Text of Felicity’s speech:
“I love my job, I love reading and there are very few genres that I don’t read. On my own shelves you will find Margaret Atwood, Jilly Cooper, Jennifer Egan, Dick Francis, Susie Steiner, Hillary Mantel, Kate Atkinson and JK Rowling and many many more, you may or may not have heard of, all rubbing up against each other. Much thumbed, much loved, old friends.
Each author is brilliant in their own distinct way, each has a mastery of the English language that they spin to the beat of their own internal drum. They are individual and you don’t gain much by setting Cooper against Atwood or Francis against Atkinson. And so I confess judging a novel contest is something that can feel odd. To deem one book better than another, let alone the best of a group of five.
So what I want to underline is how phenomenal it is to have made it onto the longlist and shortlist of authors. In doing so you have run the gauntlet of the Bath Novel Award’s unseen army of readers and found favour with the majority if not all of them. What an incredible achievement.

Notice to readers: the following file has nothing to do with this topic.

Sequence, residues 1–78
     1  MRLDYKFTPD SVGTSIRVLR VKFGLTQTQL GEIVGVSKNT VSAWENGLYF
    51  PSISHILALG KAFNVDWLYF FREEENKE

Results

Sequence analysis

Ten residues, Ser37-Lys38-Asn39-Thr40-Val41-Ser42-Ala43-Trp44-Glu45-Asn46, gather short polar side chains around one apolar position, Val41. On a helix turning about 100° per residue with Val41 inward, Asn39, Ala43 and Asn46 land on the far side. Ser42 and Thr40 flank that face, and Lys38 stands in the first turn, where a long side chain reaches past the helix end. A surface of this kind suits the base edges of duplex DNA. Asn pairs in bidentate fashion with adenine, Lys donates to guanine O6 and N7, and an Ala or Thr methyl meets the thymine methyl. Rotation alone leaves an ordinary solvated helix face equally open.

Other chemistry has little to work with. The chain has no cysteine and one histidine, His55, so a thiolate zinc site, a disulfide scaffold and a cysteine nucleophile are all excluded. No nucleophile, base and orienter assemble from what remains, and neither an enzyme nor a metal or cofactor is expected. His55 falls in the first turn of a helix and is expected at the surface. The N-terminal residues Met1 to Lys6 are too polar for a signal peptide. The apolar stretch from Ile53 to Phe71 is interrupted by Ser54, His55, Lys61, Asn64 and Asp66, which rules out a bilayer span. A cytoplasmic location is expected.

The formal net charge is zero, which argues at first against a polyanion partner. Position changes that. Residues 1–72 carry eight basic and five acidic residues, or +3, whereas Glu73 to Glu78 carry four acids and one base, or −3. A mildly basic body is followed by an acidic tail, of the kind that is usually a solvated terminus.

But I’m here for a reason, barring the company. And in choosing a winner I returned to those aforementioned writers and thought not about what makes them different but what is universal amongst them. Each is a master storyteller. Each has proven that a great character can be a friend for life. Indeed our winner has created a main character who embodies hope, who strives and from a position at the bottom of a societal hierarchy has observed enough to make her wise beyond her years. She is captivating.
This is a book that looks at women’s roles, not from a soap box, but from the ground beside them. It is poignant but never saccharine, it is painful but never exploits that pain. It is beautiful because it is ultimately a song of kindnesses. The winning book is a book of many voices, heard and unheard. But ultimately it is about one girl and her ambition to find and own her voice, I am therefore delighted to announce that the winner of the Bath Novel Award 2018 is THE GIRL WITH THE LOUDING VOICE by Abi Darè.